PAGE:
d. Studying pigeons & chickens, he found that loss of function depends upon the extent of damage (equipotentiality).
Galvani - found that electrical stimulation of nerve caused muscle to contract. Even if separated from nerve, stimulation caused contraction.
H. Philosophical Roots of Physiological Psychology
Animism: Basic theory that all things are controlled by animating spirits.
- Dualism - belief that reality was divided into 2 categories: material & spiritual. (Thought mind and body were separate).
- Aristotle: Thought the mind was separate from the body & could not be destroyed.
a. Believed ventricles controlled body via hollow tubes (nerves).
b. Pineal body was thought to be the controlling mechanism.
c. Thought the soul was in the pineal gland.
- Monism - belief that reality consists of an unified whole. (Belief that mind and body were the same.)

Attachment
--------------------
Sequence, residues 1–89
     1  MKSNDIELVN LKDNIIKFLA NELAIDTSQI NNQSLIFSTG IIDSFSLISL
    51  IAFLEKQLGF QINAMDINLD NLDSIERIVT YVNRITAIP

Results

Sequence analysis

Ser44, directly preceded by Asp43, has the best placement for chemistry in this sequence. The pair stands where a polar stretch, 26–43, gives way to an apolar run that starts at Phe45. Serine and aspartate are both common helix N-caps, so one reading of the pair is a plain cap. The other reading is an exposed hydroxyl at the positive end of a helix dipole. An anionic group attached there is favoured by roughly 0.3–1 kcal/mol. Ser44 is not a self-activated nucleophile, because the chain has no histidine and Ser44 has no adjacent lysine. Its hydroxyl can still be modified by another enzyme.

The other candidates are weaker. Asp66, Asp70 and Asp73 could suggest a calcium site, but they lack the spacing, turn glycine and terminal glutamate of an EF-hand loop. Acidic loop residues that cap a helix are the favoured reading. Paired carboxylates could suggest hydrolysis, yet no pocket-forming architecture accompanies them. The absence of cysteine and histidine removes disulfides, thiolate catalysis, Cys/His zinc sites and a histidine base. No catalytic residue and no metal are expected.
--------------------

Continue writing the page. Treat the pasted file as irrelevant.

- Free will - able to control our behavior; mind not constrained by physiology. In the lab must act like determinists (look for physical causes of behavior).
- Pluralism - mind, brain, and scientific knowledge.
Psychoneural Identity Hypothesis - mental and brain processes are one and the same (without brain there can be no mind).
I. Contributions of Modern Psychology
The Goals of Research - Two forms of scientific explanation (generalization & reduction)
Physiological research involve both generalization & reduction.
- Generalization - explain behavior as examples of general laws.
- Reduction - explain phenomena in terms of simpler phenomena.
- Levels of Analysis - cellular, intercellular, behavioral, and social.
The Scientific Method:
Independent verification of results.
J. The Value & Ethics of Research with Animals
Terms to Know
Links to Associated Areas